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Article by Teddy Durgin

Will The Age of Adaline have a timeless appeal for both guys and gals?

It's hard for many women moviegoers to get their male counterparts to go see a good romantic movie... a "chick flick." Ladies, here's how you get your man to come with you to "The Age of Adaline." Tell him it's a superhero origin story! Seriously, we meet the title character (tell him it's Blake Lively not of "Sisterhood of the Traveling Pants," but of "Green Lantern") in the early part of the 20th century. She was born in 1908 as an ordinary woman, who eventually becomes a young widow trying to raise a daughter on her own in San Francisco. One strangely snowy night in northern California, her car careens off the road and into a stream. She becomes submerged in its icy water, losing consciousness and going into cardiac arrest. And then... a bolt of lightning strikes from the heavens, bringing Adaline back to life as... as... Everlasting Girl! As Ageless Woman! As Perfectly Preserved Lady! Indeed, from then on, Adaline doesn't age. Ever. Before long, sinister government forces in the McCarthy era are hot on her trail and eager to conduct experiments on her, presumably to discover Adaline's genetic secret so they can use her powers for their own purposes - perhaps to build an ageless and immortal army against the growing Communist threat. Who knows? She goes underground, crafts fake identities every 10 years or so, but always maintains some contact with the one person who knows her true identity, her daughter Flemming (played by Ellen Burstyn, not of "The Divine Secrets of the Ya-Ya Sisterhood," but of "The Exorcist"). Eventually, Adaline hooks up in the modern day with the dude who plays Daario Naharis on "Game of Thrones." So, you see, it's not a decades-spanning romance tinged with sadness and tragedy. It's "Highlander" with the period trappings of "Indiana Jones." It even has Indy himself in it, as Harrison Ford plays a man Adaline meets in the current day who wanted to marry her back in the 1960s. The complications that ensue when his character starts to puzzle over how it's possible that a woman who looks so much like his lost love could show up more than 40 years later are quite intriguing. As a film reviewer who likes all types of flicks, I found a lot to like in "The Age of Adaline." It's not overly reliant on the central gimmick either. At its core, it's a film about a mismatched couple with one half having shut herself off from love, and the other half who we suspect may lead her to a resolution of her deeper dilemma. The biggest thing the movie has going for it is its cast, especially Lively who really makes you believe she is a woman out of her time. It's a controlled, fully realized performance, and the actress' best work to date. I also have to single out Harrison Ford here. Yeah, yeah, I know I'm in the tank for the guy. Deal with it. I also acknowledge that he has put the Falcon and some of his performances on auto-pilot in the past and appeared less than engaged on screen. His reactions upon first seeing Adaline (now going by the name of Jenny) and then discovering her secret several scenes later are spot-on. And, ladies, if your man is at all into "Star Wars," there is another reason to see this flick. In the flashback scenes showing the Flower Power-era courtship of Adaline and Ford's William, William is played by Anthony Ingruber, the YouTube wonder-kid known for not only looking like a young Harrison Ford, but doing an insanely spot-on impression of him. If the rumors are true and the Powers That Be at Lucasfilm and Disney are indeed planning a Young Han Solo movie for 2018, it will be a disappointment if they don't hire this guy! So, there you have it. "The Age of Adaline"... a superhero origin story; a gender-bender "Highlander;" a "Star Wars" warm-up movie. And, uh, yeah. It's a pretty entertaining chick flick, too.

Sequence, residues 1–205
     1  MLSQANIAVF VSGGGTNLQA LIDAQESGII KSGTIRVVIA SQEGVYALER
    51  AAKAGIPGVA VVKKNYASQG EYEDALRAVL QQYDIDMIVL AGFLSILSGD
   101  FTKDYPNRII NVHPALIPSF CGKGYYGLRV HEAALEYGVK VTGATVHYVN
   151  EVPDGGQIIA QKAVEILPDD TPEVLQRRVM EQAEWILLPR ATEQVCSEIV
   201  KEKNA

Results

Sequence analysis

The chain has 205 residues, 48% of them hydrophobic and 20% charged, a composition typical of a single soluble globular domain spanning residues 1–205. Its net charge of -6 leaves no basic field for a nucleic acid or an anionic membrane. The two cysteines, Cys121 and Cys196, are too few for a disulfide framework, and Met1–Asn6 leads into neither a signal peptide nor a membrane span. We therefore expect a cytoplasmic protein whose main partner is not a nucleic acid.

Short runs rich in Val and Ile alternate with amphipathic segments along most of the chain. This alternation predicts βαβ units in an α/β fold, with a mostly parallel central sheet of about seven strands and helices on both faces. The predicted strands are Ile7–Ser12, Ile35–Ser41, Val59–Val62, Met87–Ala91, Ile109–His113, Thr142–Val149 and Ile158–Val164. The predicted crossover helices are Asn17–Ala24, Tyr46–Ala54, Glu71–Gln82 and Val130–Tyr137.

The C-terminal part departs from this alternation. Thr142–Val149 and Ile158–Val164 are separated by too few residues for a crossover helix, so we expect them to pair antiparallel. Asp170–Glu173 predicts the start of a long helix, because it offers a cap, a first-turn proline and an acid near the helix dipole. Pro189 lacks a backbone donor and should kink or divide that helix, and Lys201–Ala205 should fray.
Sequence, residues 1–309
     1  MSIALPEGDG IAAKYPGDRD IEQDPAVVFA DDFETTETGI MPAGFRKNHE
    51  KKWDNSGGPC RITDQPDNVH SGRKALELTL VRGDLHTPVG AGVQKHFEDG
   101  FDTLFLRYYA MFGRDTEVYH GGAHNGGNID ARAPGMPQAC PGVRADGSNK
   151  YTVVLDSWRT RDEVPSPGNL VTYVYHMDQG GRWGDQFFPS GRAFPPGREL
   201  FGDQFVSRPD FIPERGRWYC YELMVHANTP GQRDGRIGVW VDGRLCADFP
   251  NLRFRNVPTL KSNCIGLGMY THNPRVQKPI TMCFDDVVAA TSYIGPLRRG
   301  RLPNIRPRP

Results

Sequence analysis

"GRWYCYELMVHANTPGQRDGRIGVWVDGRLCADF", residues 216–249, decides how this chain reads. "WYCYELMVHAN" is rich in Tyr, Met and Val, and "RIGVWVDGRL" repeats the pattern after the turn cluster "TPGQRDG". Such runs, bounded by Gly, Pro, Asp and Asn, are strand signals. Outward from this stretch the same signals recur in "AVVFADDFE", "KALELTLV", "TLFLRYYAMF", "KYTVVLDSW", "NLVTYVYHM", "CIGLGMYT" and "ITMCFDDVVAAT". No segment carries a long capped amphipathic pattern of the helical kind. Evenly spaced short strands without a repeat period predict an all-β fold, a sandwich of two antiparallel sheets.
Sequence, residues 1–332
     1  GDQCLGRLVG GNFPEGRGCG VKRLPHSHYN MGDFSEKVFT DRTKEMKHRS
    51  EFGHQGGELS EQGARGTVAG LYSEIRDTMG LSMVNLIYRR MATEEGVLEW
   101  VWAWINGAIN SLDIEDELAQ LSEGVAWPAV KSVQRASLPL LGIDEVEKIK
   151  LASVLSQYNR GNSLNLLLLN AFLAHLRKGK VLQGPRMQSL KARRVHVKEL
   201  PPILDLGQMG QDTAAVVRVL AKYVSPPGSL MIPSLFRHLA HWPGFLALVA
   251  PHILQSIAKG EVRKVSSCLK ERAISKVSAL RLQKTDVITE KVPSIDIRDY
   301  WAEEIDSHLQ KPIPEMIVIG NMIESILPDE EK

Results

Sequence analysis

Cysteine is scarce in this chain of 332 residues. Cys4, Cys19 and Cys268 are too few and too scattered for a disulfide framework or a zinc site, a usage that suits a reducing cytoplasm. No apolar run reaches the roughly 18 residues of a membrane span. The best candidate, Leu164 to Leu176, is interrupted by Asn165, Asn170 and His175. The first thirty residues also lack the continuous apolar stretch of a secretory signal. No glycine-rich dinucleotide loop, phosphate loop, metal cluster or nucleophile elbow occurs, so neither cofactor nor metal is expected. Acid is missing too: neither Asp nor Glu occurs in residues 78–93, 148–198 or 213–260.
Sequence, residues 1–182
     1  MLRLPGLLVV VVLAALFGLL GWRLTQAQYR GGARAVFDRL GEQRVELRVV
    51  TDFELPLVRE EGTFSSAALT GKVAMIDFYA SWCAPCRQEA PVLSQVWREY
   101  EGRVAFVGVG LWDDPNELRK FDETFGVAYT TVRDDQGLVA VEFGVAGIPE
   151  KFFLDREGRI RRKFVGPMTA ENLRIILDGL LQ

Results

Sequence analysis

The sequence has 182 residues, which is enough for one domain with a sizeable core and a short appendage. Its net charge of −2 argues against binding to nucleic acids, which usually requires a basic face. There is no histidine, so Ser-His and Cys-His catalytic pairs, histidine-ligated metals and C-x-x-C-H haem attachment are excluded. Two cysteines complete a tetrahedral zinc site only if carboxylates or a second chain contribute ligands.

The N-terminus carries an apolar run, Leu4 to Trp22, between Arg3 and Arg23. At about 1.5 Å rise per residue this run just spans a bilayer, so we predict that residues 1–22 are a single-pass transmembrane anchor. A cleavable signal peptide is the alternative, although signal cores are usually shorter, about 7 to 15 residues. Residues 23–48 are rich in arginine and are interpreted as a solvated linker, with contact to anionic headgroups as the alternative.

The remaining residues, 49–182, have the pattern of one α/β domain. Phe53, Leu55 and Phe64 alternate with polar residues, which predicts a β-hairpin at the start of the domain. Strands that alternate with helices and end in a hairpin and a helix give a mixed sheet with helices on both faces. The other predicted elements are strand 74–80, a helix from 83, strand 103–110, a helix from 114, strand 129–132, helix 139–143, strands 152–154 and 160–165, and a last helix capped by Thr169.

"The Age of Adaline" is rated PG-13 for a suggestive comment and some sensualit


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